Sunday, October 17, 2021

The late Nick Heald becomes a dad two years after

By Gordon Woodworth, Chronicle News Editor

Nick Heald and Courtney Brosius were soulmates, inseparable South Glens Falls sweethearts who married on May 26, 2017.

Two months later, Nick — a hugely popular student chair of the South High Marathon Dance who later became a two-time recipient — died after a seven-year battle with synovial sarcoma.

The late Nick Heald & his wife Courtney.

He was 24.

But now Nick is a dad. Five weeks ago, at 1:18 a.m. on Wednesday, Aug. 14, Courtney gave birth to Ruby Mae, a dark-haired angel with a shock of black hair, Nick’s eyes and a family overflowing with joy after two years of overwhelming sorrow.

“It almost didn’t feel real at first,” Courtney told The Chronicle exclusively. “I’d look at Ruby and I was like, ‘Your dad is Nick!’

“It’s a unique situation…I was happy, but I’m also a first-time mom. I was really nervous before she was born. I didn’t set up the nursery until I had to!”

Courtney is an oncology nurse at Glens Falls Hospital. She and Nick started dating 10 years ago this month, juniors in high school. They were both 16. Nine months later, Nick was diagnosed with cancer.

Late husband saved sperm at 16

Courtney says, “His aunt, Debbie Gurdo, is a nurse, and she asked Nick’s mom if he had thought about saving some of his sperm. But only one facility did that for minors, so his mom drove him to Albany, twice, before he had any kind of radiation or chemotherapy.”

The couple remained together as Courtney became an RN and Nick graduated from SUNY Adirondack and then Hudson Valley. The cancer came back, twice, even with clinical trials and new treatments.

Courtney and Nick got engaged in November of 2016. They planned an October 2017 wedding, but moved the date up after Nick re-entered the hospital in March of that year. “It wasn’t good,” Courtney said.

They married in the South Granville Congregational Church. The reception was at 989 North in Queensbury.

“He knew he was dying,” Courtney said. “and we knew we wanted kids. He wanted three. I told him I was good with one. We talked about names.

“People ask if we picked Ruby’s name together. He liked Mallory, but I just thought of Ruby one day and liked it. And his birthstone is ruby, so it fits. Moms always win that argument,” she said, laughing.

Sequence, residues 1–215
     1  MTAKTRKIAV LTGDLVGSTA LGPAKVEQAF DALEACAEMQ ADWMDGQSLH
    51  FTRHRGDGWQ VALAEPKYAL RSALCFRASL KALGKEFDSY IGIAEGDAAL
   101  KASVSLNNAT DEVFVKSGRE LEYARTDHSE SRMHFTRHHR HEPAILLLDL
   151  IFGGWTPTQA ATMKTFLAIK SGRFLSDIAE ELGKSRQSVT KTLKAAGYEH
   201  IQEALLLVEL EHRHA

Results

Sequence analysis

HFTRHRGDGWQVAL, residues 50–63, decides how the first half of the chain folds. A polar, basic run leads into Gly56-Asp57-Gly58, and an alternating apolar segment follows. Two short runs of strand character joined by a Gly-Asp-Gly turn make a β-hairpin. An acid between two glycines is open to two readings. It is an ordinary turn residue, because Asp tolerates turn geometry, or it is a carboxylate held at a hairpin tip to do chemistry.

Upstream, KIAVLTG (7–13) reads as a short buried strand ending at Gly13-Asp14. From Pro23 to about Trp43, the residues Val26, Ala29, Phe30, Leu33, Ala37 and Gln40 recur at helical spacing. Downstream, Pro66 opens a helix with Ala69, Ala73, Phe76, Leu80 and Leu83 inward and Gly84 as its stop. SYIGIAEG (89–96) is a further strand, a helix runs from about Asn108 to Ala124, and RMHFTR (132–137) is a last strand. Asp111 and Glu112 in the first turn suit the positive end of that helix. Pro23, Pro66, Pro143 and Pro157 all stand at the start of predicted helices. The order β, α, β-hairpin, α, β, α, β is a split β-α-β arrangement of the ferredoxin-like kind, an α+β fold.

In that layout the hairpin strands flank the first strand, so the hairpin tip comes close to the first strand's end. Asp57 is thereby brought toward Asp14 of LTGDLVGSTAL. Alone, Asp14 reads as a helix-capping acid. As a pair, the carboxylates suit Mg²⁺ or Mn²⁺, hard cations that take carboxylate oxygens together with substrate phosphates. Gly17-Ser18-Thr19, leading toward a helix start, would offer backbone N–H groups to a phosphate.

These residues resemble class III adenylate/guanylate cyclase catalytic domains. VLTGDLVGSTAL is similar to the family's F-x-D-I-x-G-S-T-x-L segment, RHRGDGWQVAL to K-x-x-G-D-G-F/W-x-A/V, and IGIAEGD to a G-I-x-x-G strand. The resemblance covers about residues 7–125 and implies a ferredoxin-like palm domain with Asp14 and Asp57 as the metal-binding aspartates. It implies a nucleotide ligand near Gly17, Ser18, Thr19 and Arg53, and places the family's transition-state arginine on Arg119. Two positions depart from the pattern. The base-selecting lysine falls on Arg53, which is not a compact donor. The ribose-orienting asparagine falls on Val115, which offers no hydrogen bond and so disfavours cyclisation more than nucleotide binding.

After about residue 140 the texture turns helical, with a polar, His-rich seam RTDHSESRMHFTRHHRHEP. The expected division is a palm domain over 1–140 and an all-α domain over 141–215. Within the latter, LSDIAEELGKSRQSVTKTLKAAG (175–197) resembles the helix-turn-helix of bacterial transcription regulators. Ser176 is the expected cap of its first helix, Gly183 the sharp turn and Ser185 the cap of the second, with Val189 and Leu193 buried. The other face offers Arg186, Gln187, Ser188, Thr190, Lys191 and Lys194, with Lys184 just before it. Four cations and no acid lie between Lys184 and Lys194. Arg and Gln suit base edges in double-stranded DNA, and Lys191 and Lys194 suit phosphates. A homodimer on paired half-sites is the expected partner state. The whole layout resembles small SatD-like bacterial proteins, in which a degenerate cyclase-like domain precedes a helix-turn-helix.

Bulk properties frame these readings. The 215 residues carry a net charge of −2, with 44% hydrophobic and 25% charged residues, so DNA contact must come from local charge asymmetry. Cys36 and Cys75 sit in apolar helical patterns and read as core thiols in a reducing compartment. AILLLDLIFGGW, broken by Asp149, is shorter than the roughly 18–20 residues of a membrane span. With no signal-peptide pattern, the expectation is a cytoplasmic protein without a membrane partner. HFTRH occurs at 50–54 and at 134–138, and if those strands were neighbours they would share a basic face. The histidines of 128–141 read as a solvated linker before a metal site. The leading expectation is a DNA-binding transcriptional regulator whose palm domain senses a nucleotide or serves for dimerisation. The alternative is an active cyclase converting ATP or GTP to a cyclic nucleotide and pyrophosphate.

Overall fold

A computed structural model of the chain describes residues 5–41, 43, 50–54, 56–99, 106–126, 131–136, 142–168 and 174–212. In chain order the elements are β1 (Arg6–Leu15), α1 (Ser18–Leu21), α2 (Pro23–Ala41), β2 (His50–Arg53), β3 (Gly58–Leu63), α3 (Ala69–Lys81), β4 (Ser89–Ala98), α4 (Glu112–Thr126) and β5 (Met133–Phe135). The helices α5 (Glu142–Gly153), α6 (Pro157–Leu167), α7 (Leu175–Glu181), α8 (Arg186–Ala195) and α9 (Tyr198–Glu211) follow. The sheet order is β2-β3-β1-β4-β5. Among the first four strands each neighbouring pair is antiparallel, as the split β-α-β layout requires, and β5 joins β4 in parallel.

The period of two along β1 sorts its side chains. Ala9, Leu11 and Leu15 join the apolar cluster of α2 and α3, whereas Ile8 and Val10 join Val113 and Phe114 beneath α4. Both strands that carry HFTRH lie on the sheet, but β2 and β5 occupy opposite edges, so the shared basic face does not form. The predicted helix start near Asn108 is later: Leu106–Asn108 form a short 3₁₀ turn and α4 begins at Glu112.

After Nick took a turn for the worse, Courtney and Nick’s mom Amy Cosey Gurdo started looking into the process of using Nick’s sperm. “His mom had to do a lot of it,” says Courtney, “because he was a minor when it was frozen, and if he died and there was no document saying I could get and use the sperm, I would not be allowed to use it.

“So we called a lawyer, Tim Alden [also in South Glens Falls], and told him we had no idea what to do or where to turn. He looked into it and called me back and said he didn’t either, but he kept researching it and wrote up a contract that we all signed.”

Courtney Heald with five-week-old Ruby Mae in front of the fire pit Ruby’s late father Nick designed. Chronicle photo/Gordon Woodworth

‘Ruby was our fifth try’

“Ruby was our fifth try,” says Courtney.

“We started in April of 2017 when Nick was still alive. We did intrauterine insemination, or IUI, three times. Twice it didn’t work, but once it did and I had a miscarriage. I was pregnant at our wedding. I miscarried after nine weeks.

“Then Nick passed away, and I tried IVF (in vitro fertilization), where they take my eggs and fertilize them in a petri dish.

“I got all of the shots, and in April 2018 I got two embryos that made it to the genetic testing stage. One was a male and one was a female. They transferred the male in the spring and it didn’t take.

“I took the summer off, and then in December the female egg was transferred, and here’s Ruby!”

Courtney still has Nick’s sperm. Will she try again? “I don’t think so,” she said.

Seeing Ruby was extremely emotional for Nick’s mom Amy and his dad Chad Heald, said Courtney.

“They both are so in love with her,” Courtney said. “Nick was an only child.”

Courtney says her mom, Melissa Rayno, often talks about Nick’s ripples in the community, “and we still see them two years later. Everyone knows about her. We went to the Peppermill for dinner and our waitress was a neighbor and said, ‘Is this Ruby?’”

Courtney said she likes to walk around the neighborhood with Ruby and Finley, the dog she and Nick rescued six years ago.

“We were walking by this guy’s house and he came down to the end of the driveway and said he just wanted to meet Ruby! The first time I went to the pediatrician’s office, where I know no one, a nurse peeked around the corner and said, ‘Is this Ruby?’

“She brings happiness to people,” Courtney said, “and that’s what Nick did.”

Courtney urges use of sperm/egg banks for a person faced with cancer diagnosis

After our interview with Courtney Heald, she sent a message, adding, “I’m hoping with this story we can pass along the message of sperm/egg banking when faced with a cancer diagnosis.

“I don’t think people even think about it when they are diagnosed because they are worried about tomorrow and they don’t think about the future and what’s beyond the cancer.

“We were lucky enough that Nick’s aunt, Debbie Gurdo, mentioned it. We wouldn’t have Ruby if it weren’t for her.”

— Gordon Woodworth

Copyright © 2019 Lone Oak Publishing Co., Inc. All Rights Reserved.

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